May 1, 2014
Exclusive: After Secretary of State Kerry lashed out at Russia’s RT network over its reporting on Ukraine, a senior aide assembled a list of particulars, which have backfired by showing how weak Kerry’s case is and how hypocritical Kerry’s State Department has been, reports Robert Parry.
By Robert Parry
The U.S. State Department, which has been caught promoting a series of false or dubious stories about Ukraine, is trying to give some substance to Secretary of State John Kerry’s counter-complaint that Russia’s RT network is a “propaganda bullhorn” promoting Russian President Vladimir Putin’s “fantasy.”
In a “Dipnote” of April 29, Richard Stengel, under secretary of state for public diplomacy, made some broad-brush criticisms of RT’s content – accusing the network of painting “a dangerous and false picture of Ukraine’s legitimate government” by citing examples of fascism, anti-Semitism and terrorism surrounding the Kiev regime.
Assistant Secretary of State for European Affairs Victoria Nuland.
Stengel claims he knows the difference between news and propaganda because he spent seven years as managing editor of Time. He defines propaganda as “the deliberate dissemination of information that you know to be false or misleading in order to influence an audience” and asserts: “RT is a distortion machine, not a news organization.”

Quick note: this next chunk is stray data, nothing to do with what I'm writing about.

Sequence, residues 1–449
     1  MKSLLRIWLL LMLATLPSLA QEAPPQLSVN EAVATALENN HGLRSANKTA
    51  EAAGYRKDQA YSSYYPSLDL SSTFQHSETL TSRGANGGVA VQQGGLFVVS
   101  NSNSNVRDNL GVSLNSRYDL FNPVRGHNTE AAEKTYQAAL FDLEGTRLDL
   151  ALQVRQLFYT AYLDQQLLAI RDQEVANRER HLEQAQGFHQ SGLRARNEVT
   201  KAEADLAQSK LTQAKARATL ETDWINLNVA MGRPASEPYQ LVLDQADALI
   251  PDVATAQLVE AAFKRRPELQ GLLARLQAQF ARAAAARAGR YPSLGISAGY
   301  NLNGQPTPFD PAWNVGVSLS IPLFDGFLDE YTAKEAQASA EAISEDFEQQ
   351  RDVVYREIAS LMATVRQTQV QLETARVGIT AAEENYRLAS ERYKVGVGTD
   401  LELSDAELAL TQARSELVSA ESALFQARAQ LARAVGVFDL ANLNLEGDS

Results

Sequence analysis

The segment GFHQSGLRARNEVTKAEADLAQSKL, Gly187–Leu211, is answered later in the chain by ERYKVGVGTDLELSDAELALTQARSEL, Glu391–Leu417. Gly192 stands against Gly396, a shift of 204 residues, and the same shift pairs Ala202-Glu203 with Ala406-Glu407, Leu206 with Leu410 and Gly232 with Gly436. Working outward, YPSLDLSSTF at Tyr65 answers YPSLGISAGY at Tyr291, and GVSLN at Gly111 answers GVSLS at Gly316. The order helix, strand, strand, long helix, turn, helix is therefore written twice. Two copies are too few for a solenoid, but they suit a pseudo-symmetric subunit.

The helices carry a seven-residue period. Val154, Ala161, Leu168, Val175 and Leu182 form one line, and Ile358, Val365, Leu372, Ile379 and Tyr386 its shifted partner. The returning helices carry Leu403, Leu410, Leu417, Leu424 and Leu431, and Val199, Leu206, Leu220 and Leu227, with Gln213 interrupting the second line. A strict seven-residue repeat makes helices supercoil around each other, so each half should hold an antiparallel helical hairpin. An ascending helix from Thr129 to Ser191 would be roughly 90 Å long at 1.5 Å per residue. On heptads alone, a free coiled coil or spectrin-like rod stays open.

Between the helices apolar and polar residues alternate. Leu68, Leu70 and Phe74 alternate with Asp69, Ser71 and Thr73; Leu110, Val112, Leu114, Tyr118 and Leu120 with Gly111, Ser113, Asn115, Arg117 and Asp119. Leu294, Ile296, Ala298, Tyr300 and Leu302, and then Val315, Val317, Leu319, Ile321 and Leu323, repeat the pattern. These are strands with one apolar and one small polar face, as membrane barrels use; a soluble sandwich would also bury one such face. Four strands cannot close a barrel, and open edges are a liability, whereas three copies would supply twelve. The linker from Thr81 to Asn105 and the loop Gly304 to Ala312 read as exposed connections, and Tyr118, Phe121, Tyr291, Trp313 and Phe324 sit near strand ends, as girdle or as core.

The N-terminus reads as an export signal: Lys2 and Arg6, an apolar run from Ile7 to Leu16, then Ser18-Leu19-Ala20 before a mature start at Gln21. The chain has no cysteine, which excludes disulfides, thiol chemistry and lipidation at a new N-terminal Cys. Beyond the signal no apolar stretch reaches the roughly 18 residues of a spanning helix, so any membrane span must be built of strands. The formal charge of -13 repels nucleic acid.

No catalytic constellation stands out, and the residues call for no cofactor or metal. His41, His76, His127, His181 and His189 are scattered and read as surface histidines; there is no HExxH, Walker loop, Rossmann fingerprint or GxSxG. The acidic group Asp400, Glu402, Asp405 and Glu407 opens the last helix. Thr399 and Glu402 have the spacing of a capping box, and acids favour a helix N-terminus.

But Stengel offers no specific citations of the supposedly propagandistic stories done by RT, making it impossible to ascertain the precise wording or context of the RT content that he is criticizing. One basic rule of journalism is “show, don’t tell,” but Stengel apparently didn’t learn that during his seven years in the top echelon of Time magazine.
Nevertheless, Stengel accuses RT of “disinformation” ranging from “assertions that peaceful protesters hired snipers to repeated allegations that Kiev is beset by violence, fascism and anti-Semitism, these are lies falsely presented as news.”
Though it’s impossible to fully assess Stengel’s complaint because he doesn’t specify the offending stories, the first complaint is an apparent reference to the mystery surrounding the identity of snipers who opened fire on protesters and police during the Maidan protests in Kiev on Feb. 20.